By Ali Cross
The other day I tuned into a radio show that provides people advice in making difficult life choices. A girl, engaged to be married within the month, had recognized problematic behavior in her fiancé and doubted her wisdom in choosing to marry him. As she and the talk show host discussed the situation, it became clear that her boyfriend’s issues were rather serious and would affect her life for as long as she was married to him. She could choose to accept him with all his faults and never complain or let them bother her forever more—or she could choose to end the relationship now, before they married.
In the end it seemed she would choose to stay with him.
Her reason for suffering a lifetime of personal struggle and hardship? Because she didn’t want to accept the embarrassment today of canceling her wedding.
It was a rather stunning revelation to me—that a person would choose a lifetime of problems over one really big problem today. And yet, people do it all the time.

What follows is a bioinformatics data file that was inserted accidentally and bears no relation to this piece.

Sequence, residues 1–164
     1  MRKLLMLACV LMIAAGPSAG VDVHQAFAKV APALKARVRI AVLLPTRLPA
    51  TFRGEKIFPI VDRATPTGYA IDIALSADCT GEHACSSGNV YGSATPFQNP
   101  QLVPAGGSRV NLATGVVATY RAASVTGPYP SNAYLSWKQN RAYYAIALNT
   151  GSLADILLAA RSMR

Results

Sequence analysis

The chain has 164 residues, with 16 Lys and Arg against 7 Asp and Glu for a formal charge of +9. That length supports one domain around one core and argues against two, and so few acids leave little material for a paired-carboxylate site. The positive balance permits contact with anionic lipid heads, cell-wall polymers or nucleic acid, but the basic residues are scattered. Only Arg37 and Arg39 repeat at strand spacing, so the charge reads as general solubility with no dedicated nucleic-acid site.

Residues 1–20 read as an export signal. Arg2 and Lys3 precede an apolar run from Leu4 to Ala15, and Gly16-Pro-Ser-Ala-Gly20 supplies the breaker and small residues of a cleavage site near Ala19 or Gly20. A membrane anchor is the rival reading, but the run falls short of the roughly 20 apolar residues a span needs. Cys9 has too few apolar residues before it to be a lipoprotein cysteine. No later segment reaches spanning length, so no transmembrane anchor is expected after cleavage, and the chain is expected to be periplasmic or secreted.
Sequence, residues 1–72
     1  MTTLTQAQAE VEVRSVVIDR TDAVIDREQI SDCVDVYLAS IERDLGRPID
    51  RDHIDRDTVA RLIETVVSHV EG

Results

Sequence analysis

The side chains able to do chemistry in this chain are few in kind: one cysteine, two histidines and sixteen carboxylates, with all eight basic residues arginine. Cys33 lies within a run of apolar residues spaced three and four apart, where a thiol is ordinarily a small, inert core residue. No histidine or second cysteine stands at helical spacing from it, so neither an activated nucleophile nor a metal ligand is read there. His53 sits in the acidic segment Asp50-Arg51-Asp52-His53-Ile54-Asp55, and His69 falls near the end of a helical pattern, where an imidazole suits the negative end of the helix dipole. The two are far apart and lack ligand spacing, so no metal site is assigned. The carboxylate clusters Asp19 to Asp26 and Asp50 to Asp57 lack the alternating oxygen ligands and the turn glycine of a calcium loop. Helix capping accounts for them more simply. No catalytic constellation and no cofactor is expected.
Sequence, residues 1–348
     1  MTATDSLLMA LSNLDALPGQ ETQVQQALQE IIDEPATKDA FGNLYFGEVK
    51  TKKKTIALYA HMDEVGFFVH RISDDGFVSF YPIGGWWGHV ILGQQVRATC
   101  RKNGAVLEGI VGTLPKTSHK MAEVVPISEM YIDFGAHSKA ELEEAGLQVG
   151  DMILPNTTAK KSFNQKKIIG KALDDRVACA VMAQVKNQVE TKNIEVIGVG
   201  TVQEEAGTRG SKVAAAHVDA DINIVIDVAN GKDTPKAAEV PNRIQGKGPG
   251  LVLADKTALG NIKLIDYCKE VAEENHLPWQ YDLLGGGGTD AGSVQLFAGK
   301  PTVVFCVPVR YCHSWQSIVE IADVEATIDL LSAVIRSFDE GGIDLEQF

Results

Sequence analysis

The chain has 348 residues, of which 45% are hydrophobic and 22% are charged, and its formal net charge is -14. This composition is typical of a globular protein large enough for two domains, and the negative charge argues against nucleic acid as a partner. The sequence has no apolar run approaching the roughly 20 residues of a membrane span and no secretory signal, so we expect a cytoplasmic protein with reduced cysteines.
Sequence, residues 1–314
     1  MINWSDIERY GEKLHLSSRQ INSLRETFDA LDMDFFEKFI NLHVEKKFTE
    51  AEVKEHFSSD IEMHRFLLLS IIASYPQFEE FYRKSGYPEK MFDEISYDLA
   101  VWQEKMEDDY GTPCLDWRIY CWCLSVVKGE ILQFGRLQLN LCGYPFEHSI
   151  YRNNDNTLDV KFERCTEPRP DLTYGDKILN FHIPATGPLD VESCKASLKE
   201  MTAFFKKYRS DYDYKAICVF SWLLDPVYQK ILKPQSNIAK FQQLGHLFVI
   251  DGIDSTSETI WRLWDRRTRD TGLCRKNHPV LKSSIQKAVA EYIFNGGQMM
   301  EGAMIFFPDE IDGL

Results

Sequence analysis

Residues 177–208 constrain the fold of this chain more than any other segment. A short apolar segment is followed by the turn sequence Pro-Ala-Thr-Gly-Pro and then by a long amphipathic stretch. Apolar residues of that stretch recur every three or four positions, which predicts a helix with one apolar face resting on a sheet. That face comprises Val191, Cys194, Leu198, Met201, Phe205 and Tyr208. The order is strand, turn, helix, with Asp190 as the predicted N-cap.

And it got me thinking: How many of us writers choose the easy way out, hoping that we’ll be able to deal with the problems later on, or that our editor/agent will overlook our shortcomings?
A writer might be tempted, having written over three quarters of their manuscript, to ignore an element that needs to be fixed from early on in their story. They know their book would be so much stronger for the fix, but the thought of rewriting their entire story is just so discouraging, so overwhelming, that they would rather patch it with a Band-Aid, than repair it
I know how tempting that is, but which finished work do you think would be more appealing to agents/editors and, inevitably, to your readers? The one in which a quick fix was applied later in the story, or the one that is written with the end in mind from the very beginning?
You can’t really blame that young bride for dreading the prospect, all the hard work, the explanations, the embarrassment, of canceling her wedding so close to the big day. You can’t really blame a writer for not wanting to go back and rewrite his entire novel when he’s so close to writing The End.
But which is the better choice? To live with a decision that you will regret forever or to suck it up now, like ripping a Band-Aid off quickly, and deal with your problem today?
You decide—as for me, I prefer to shut my eyes, bite my lip, and pull the bandage off. A lot of pain now for a lot of satisfaction later.